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Old 09-30-2020, 01:55 PM   #14
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Thanks everyone I finally found the problem. Silly me I assumed the battery connections were good because they had put new batteries in before I bought it. When I disconnected the battery cables the positive was corroded inside. I just can't believe they didn't clean them when they put in the batteries.
Thanks again.
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Old 09-30-2020, 01:59 PM   #15
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Thanks everyone I finally found the problem. Silly me I assumed the battery connections were good because they had put new batteries in before I bought it. When I disconnected the battery cables the positive was corroded inside. I just can't believe they didn't clean them when they put in the batteries.
Thanks again.
Glad you got figured it out, chasing electrical gremlins can sometimes be a daunting task.
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Old 09-30-2020, 02:09 PM   #16
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Glad you got figured it out, chasing electrical gremlins can sometimes be a daunting task.
That's an understatement.
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Old 09-30-2020, 02:30 PM   #17
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Thanks everyone I finally found the problem. Silly me I assumed the battery connections were good because they had put new batteries in before I bought it. When I disconnected the battery cables the positive was corroded inside. I just can't believe they didn't clean them when they put in the batteries.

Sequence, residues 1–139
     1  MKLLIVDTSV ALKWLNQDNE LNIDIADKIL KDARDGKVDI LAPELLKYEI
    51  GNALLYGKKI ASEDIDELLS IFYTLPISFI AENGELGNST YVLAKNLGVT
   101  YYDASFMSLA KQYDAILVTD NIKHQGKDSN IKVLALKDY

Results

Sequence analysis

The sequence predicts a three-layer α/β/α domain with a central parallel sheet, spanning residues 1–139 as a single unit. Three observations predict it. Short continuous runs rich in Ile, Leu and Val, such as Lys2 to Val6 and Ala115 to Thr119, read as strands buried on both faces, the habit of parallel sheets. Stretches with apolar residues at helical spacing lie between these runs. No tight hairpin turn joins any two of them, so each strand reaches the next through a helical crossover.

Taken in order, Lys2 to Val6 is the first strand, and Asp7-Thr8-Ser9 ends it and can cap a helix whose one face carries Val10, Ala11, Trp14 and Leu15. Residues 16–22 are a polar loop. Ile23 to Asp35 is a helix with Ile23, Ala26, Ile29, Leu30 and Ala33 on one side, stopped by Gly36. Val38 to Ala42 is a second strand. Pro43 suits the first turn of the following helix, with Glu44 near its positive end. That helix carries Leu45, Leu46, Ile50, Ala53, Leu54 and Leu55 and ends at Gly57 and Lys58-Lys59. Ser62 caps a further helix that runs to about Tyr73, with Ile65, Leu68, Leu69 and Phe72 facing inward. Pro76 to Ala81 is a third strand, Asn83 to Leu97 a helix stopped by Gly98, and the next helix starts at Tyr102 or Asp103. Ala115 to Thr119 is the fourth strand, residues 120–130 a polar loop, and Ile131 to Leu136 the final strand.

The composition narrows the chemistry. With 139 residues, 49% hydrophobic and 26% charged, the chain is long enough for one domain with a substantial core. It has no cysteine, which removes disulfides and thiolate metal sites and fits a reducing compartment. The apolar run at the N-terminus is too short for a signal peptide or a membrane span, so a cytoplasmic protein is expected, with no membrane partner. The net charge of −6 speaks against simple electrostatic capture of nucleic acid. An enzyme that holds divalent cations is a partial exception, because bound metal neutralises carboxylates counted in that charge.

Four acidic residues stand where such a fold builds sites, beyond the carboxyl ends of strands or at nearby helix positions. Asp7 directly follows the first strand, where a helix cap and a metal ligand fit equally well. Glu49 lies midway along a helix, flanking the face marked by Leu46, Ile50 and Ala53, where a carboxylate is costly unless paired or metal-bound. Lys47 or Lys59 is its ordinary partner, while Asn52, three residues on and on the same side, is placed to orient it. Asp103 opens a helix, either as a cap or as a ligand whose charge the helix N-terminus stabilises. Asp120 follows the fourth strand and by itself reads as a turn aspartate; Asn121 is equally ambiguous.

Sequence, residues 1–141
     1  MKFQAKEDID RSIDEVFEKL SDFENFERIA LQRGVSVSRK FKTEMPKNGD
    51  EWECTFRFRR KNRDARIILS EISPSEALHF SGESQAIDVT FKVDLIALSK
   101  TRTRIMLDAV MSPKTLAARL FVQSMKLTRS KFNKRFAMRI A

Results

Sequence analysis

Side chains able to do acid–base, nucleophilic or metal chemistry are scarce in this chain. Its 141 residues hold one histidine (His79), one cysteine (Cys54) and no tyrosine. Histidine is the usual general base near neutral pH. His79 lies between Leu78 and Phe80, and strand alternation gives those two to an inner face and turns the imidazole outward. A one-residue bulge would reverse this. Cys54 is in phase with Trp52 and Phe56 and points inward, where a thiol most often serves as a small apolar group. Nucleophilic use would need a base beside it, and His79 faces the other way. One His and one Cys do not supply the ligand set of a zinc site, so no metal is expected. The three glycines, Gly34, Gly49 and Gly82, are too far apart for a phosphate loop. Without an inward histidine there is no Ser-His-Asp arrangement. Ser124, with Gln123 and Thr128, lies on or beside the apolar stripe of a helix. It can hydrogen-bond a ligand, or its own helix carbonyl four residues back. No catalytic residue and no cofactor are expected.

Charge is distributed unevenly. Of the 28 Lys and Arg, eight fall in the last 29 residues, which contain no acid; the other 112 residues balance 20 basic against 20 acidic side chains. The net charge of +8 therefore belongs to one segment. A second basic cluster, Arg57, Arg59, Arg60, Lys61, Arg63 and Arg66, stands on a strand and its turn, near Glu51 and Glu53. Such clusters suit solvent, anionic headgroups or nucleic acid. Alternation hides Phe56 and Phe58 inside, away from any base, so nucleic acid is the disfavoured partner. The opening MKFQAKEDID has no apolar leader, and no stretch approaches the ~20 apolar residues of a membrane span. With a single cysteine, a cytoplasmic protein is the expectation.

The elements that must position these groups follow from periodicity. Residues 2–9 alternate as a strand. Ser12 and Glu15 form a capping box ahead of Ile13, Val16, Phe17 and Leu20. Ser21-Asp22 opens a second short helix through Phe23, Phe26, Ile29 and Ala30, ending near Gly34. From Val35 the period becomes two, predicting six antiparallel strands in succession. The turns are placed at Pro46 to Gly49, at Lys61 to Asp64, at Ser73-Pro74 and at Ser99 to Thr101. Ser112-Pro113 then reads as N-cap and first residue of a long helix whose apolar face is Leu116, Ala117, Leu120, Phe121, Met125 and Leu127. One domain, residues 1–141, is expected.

Thanks again.

Just a suggestion, it would be a good idea to clean the battery terminals at the beginning of every season. Perhaps even at the end before winterizing unless they are removed and stored elsewhere.

Lead Acid batteries are noted for causing terminal corrosion and the best way to avoid is regular attention.

Everyone has their preferred method but when I still had Lead Acid batteries in my TT I used the old "scrape/wire brush to shiny metal method".

Some use spray coatings (Krylon Clear was popular for years) and others use various greases. Once you have bare metal to bare metal, and tight connections, the rest is just to seal out the elements and any battery acid that seems to show up on the terminals all the time.

Like I said, everyone has their own method, the real point is REGULAR cleaning.